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I found the following code on MSDN:

public class DisposeExample
{

    public class MyResource: IDisposable
    {    
        private IntPtr handle;
        private Component component = new Component(); 
        private bool disposed = false;

        public MyResource(IntPtr handle)
        {
            this.handle = handle;
        }

        public void Dispose()
        {
            Dispose(true);

            GC.SuppressFinalize(this);
        }


        protected virtual void Dispose(bool disposing)
        {
            if(!this.disposed)
            {

                if(disposing)
                {
                    // Dispose managed resources.
                    component.Dispose();
                }


                CloseHandle(handle);
                handle = IntPtr.Zero;

                disposed = true;

            }
        }

        ~MyResource()
        {
            Dispose(false);
        }
    }
    public static void Main()
    {
        MyResource obj = new MyResource()
        //obj.dispose()
    }
}

Now the confusion I have here is that, if I call obj.dispose, it disposes the objects created in the class MyResources i.e. handle, component etc. But does the obj also gets removed off the heap?? Same applies with the destructor. If I don't call dispose, the destructor will be called sometime. The code inside destructor removes the contained objects. But what about the obj? Secondly, if I don't have a destructor defined inside the class and I dont even call dispose, does the GC never come into picture here?

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2 Answers 2

IDisposable exists to remove unmanaged items from your managed objects. The runtime automatically provides a destructor, this destructor here has the sole purpose of releasing unmanaged items. As soon as your object goes out of scope or is set to null and has no more references to it will eventually be cleared by the GC.

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Let me interpret that: - If I don't have disposed called in destructor, only the managed objects of obj will be dealt with leaving the unmanaged as it is. - If I don't have a destructor at all defined, as soon as scope of obj dies a destructor will be called deleting the object completely along with the contained managed/unmanaged objects. If such is the case that contained unmanaged objects will also die, why do we even bother to call dispose method? –  Ross Cooper Feb 8 '13 at 8:17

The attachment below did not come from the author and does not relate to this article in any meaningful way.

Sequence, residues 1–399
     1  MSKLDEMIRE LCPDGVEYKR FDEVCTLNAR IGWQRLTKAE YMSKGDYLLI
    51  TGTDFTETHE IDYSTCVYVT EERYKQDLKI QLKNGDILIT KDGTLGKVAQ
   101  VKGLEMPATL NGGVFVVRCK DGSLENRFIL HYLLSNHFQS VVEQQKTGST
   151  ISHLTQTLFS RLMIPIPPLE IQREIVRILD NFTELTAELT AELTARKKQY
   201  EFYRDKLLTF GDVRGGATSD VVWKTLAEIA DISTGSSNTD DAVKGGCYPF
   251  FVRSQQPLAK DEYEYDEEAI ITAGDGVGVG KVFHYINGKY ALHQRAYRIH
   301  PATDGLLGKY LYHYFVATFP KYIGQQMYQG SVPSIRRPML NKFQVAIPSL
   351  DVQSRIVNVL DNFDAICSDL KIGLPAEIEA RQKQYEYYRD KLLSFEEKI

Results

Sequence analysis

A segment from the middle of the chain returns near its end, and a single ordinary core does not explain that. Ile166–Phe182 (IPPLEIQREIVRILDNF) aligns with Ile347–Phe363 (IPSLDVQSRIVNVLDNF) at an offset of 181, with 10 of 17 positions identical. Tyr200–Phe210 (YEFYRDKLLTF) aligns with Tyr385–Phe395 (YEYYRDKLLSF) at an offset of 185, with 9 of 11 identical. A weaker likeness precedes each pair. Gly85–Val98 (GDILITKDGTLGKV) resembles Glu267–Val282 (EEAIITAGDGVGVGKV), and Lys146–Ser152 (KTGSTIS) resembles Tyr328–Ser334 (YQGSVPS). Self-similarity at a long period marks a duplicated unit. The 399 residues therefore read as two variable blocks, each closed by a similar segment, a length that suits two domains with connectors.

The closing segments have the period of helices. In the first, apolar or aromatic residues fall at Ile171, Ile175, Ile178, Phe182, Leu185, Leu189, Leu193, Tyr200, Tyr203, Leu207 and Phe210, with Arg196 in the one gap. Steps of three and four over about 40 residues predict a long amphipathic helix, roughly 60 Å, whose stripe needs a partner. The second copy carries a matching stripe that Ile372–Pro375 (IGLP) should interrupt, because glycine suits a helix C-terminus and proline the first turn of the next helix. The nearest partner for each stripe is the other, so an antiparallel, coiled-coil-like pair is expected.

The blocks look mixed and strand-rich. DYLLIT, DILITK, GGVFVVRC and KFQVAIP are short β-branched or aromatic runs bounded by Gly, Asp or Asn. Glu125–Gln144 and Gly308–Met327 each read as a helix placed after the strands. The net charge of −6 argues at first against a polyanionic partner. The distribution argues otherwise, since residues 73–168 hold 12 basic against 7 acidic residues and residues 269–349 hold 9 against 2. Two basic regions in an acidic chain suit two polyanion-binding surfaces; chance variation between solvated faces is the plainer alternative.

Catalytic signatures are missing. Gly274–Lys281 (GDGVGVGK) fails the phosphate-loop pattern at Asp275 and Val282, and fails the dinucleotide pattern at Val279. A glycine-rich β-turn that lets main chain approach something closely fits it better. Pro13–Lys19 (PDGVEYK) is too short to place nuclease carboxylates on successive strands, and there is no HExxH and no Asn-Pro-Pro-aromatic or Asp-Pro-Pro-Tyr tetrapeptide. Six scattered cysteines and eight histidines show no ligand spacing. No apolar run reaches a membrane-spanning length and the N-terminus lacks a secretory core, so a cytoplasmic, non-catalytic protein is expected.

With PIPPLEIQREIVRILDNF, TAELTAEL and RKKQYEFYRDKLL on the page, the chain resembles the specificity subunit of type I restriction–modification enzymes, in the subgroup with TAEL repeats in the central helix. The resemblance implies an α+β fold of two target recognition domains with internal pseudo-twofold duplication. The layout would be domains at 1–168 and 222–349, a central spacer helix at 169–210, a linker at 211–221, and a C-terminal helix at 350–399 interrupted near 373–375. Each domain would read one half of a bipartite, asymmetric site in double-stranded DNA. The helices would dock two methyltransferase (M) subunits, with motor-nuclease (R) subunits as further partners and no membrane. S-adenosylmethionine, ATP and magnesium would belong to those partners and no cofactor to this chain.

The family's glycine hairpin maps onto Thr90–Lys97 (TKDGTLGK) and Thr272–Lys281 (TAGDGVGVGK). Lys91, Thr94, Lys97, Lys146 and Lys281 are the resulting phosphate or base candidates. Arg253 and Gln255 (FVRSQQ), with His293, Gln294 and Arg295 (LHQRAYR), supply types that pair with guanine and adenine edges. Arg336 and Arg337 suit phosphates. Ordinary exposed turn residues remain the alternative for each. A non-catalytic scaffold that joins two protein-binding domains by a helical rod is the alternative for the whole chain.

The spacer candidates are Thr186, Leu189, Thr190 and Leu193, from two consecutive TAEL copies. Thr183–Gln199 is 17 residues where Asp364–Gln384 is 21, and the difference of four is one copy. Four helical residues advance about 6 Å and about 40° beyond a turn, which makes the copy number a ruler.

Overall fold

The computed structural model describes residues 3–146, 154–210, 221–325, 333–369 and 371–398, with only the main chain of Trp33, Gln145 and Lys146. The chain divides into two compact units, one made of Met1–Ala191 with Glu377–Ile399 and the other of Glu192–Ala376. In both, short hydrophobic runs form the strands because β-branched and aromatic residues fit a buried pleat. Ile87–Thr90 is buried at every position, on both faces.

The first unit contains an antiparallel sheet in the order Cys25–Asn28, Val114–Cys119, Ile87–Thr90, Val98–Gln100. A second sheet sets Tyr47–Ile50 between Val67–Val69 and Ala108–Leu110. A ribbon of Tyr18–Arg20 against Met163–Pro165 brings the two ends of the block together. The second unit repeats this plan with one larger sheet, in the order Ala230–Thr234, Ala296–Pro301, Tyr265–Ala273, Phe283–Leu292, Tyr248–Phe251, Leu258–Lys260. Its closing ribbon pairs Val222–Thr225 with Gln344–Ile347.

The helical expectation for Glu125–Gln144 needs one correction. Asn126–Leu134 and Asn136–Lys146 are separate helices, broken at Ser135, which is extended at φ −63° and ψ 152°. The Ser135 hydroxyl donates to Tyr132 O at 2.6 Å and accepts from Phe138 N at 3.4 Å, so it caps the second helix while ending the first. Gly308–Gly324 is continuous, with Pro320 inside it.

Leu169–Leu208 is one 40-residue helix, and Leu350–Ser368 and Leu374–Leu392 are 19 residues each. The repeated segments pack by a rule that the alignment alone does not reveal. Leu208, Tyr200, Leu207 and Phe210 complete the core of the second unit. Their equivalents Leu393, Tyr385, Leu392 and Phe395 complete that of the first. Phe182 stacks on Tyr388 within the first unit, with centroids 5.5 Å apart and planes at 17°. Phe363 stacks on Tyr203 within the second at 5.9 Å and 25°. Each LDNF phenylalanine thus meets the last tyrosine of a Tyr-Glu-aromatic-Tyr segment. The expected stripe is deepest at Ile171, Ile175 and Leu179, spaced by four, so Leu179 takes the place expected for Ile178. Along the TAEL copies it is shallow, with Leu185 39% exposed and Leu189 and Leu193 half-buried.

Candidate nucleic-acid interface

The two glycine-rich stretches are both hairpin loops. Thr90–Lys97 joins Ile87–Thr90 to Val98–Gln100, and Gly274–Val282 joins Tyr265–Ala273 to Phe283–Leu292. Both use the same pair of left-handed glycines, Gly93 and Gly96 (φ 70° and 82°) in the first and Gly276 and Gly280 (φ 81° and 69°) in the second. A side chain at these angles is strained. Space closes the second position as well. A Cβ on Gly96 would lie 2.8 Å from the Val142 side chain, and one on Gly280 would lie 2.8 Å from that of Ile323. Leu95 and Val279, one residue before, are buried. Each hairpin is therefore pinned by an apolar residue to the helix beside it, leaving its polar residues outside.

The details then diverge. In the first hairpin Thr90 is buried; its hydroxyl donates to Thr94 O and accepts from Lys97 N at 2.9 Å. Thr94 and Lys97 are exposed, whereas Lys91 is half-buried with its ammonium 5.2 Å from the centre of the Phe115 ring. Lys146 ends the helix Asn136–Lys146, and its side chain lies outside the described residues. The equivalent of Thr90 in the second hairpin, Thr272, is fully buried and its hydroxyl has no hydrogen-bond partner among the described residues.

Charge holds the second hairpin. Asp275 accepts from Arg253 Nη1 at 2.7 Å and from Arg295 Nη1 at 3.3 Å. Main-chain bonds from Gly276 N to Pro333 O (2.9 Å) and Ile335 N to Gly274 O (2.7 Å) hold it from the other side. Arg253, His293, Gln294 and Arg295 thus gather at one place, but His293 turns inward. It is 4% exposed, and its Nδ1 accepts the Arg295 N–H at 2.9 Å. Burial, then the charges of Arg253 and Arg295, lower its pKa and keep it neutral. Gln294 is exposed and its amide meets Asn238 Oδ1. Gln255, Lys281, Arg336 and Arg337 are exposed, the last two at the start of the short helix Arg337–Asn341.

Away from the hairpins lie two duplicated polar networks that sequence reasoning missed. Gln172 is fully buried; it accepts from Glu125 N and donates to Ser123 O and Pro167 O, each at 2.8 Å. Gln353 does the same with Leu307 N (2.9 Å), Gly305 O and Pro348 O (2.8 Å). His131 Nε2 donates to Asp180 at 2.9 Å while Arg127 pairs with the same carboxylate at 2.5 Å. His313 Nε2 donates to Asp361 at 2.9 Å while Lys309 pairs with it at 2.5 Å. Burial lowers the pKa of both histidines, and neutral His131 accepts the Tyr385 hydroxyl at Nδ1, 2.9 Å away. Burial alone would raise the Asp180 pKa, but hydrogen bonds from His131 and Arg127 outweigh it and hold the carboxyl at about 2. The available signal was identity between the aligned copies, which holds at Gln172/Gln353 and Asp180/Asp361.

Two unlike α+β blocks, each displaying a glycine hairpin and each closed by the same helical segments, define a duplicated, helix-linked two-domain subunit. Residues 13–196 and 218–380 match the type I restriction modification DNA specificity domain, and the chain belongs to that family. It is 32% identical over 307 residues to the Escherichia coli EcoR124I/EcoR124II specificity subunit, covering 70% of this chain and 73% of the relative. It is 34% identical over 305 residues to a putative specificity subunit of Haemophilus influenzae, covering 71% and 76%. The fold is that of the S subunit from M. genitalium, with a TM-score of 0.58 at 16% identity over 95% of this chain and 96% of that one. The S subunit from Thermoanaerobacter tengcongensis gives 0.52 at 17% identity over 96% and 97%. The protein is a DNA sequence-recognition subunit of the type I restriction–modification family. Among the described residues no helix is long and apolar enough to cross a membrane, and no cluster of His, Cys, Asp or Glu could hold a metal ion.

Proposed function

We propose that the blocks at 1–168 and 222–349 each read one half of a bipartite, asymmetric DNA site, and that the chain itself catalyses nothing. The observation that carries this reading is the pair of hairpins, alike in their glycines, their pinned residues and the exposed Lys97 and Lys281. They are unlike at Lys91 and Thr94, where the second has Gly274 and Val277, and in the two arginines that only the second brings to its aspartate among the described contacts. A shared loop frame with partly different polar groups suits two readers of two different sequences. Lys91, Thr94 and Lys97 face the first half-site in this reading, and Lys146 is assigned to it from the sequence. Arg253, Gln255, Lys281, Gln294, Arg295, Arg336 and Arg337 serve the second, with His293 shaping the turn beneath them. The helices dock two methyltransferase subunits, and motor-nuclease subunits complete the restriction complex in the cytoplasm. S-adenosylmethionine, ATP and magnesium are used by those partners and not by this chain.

Consider this article here, it should help you: IDisposable . Consider the paragraph "The IDisposable Solution". –  bash.d Feb 8 '13 at 8:19

The fundamental rule I'd recommend with with IDisposable is that at any given moment in time, for every object that implements IDisposable, there should be exactly one entity which has the clearly-defined responsibility of ensuring that it will get cleaned up (almost always by calling Dispose) before it is abandoned. Such responsibility will initially belong to whatever entity calls the IDidposable object's constructor, but that entity may hand the responsibility off to some other entity (which may hand it off again, etc.).

In general, I'd guess that most programmers would be best served if they pretended finalizers and destructors did not exist. They are generally only needed as a consequence of poorly-written code, and in most cases the effort one would have to spend writing a 100%-correct finalizer/destructor and working through all the tricky issues related to threading context, accidental resurrection, etc. could be better spent ensuring that the primary rule given above is always followed. Because of some unfortunate design decisions in the Framework and its languages, there are a few situations which can't very well be handled without finalizers/destructors, but for the most part they serve to turn code which would fail relatively quickly into code which will mostly work but may sometimes fail in ways that are almost impossible to debug.

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